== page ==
PORT-AU-PRINCE, HAITI (WCSC) - Clean water has always been an issue in Haiti. Today, the country still scrambles to recover from an earthquake contaminating several wells and springs. Haiti's water issue has now become an emergency.
In response, Charleston-based Water Missions International has worked to provide clean drinking water to Haitian communities.
Live 5's Keke Collins went to Haiti and saw first hand how these water warriors often find themselves swimming against the current.
"In Haiti we say water is life, but I want to add something to that. Water is life when it is treated water. If it's not, water is not life," said one employee at Water Missions International.
Workers at Water Missions International have provided clean drinking water purification systems that have helped 300,000 Haitians including young students responsible for the country's future.
"I think it was good to have this water purification system inside the school because before we used to drink water that was not clean but now the kids all my friends are happy to drink this water," said sixth grader Analissa Sime through a translator.
The clean drinking water system at one school has not washed away all of the unhealthy habits here. The children still clean their lunch dishes in contaminated water.
"I'm trying to tell them not to use the water," said Johnny Francois with Water Missions International. "It's not clean, but we have the system too close so I think we need to talk to the principal of the school.
The principal said the cooks at the school clean the dishes again with clean water after the children rinse them, but kitchen workers admit they don't do that all the time.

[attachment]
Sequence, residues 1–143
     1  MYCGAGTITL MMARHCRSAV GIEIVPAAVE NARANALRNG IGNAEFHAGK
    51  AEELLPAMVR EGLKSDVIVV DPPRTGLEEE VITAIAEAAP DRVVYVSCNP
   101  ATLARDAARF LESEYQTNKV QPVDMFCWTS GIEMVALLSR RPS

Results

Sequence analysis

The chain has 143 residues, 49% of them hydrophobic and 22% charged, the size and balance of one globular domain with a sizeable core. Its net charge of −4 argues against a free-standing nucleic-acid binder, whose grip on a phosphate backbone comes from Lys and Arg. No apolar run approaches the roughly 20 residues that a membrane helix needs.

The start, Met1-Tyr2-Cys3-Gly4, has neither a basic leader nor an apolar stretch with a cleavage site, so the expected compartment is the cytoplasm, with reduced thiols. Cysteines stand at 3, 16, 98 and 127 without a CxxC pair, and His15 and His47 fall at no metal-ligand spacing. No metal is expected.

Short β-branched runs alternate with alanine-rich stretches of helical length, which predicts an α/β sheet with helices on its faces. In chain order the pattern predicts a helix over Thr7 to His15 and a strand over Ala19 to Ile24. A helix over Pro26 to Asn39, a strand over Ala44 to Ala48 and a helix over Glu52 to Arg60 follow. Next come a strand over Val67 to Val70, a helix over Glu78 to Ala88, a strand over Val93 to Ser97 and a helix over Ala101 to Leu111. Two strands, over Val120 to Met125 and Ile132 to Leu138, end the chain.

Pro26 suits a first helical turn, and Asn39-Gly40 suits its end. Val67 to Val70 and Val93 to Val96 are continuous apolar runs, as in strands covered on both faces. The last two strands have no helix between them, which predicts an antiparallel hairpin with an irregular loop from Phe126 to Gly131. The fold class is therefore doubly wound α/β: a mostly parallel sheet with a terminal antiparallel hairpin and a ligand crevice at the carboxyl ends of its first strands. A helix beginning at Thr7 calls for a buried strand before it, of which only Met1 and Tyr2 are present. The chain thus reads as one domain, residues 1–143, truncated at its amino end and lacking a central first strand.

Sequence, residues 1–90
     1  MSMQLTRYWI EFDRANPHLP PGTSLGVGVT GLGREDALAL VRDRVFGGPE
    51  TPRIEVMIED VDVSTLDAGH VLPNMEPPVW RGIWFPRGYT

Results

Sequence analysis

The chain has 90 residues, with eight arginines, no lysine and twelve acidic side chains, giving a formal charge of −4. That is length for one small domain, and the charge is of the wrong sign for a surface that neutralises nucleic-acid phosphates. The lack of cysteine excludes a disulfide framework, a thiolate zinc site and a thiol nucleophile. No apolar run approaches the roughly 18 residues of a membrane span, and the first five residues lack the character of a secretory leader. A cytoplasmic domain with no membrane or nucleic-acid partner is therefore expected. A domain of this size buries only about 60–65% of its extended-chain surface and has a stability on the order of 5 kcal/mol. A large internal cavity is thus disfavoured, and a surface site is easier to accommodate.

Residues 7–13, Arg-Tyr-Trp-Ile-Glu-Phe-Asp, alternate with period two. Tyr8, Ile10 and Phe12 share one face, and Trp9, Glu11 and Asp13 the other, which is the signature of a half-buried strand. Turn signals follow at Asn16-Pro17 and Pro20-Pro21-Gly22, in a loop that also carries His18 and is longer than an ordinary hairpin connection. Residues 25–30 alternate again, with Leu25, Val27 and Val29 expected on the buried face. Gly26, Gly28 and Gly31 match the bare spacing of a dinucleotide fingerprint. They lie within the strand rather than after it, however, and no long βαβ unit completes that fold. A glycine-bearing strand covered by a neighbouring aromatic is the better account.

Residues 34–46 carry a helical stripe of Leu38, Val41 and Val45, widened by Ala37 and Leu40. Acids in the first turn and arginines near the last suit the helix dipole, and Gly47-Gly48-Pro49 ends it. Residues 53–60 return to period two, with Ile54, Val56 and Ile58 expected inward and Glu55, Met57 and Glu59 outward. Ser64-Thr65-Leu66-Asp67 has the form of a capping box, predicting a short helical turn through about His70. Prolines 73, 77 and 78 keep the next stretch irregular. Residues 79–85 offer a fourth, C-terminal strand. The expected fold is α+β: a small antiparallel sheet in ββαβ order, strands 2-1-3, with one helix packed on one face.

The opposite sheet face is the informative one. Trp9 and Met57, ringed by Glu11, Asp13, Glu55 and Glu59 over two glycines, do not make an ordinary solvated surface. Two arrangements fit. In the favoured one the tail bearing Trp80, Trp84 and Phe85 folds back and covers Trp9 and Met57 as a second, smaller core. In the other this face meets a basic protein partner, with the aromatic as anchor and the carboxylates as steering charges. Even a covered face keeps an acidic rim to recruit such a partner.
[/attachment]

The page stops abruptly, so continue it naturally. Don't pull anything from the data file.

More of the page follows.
Related Story: Taking a Closer Look at the Children of Haiti
Beyond the schools, the intense poverty has triggered carjackings and kidnappings for ransom. A Haitian police officer helped one Water Missions employee avoid disaster as he tried to install a system in Port-Au-Prince.
"He say to me, 'Stop inside is danger,' " said Arestil Frenel, a Water Missions Employee. "If you want to lose your car, go in. If you don't want to lose your car, go back because they need your car. They need the money."
Sixty miles outside of Port-Au-Prince, rice production continues near the river where experts say the cholera epidemic began. Every hand raised belongs to someone who lost a loved one to it.
Since last October, the waterborne illness has already claimed nearly 5,000 lives and health officials expect another outbreak within the year. Still, villagers bathe and swim in the diseased water to escape Haiti's harsh sun.
The spread of cholera has slowed though, thanks in part to Water Missions' systems. Before villagers relied on Clorox to clean their drinking water. Following the installation, Water Missions checks in, teaching the people about hygiene.
Handing out a commodity, the villagers will push and shove to get their hands on a free bar of soap.
Though Water Missions is a charitable organization, the service is not free. For every five gallons from this system a small fee is charged. Much less than Haitians would pay at the store or from a water truck. The money goes toward maintaining the system in the community.
The long-term goal is helping the Haitian people sustain themselves when foreign helpers return home.
"When we give them a fish, they'll eat it and it's gone, but our goal is to teach them how to fish," said Elsa Paula with Water Missions.
Water mission struggles to keep up with the demand for systems in Haiti.
If you would like to donate or find answers to questions specifically regarding providing aid for people who lack adequate food and water, visit the following websites: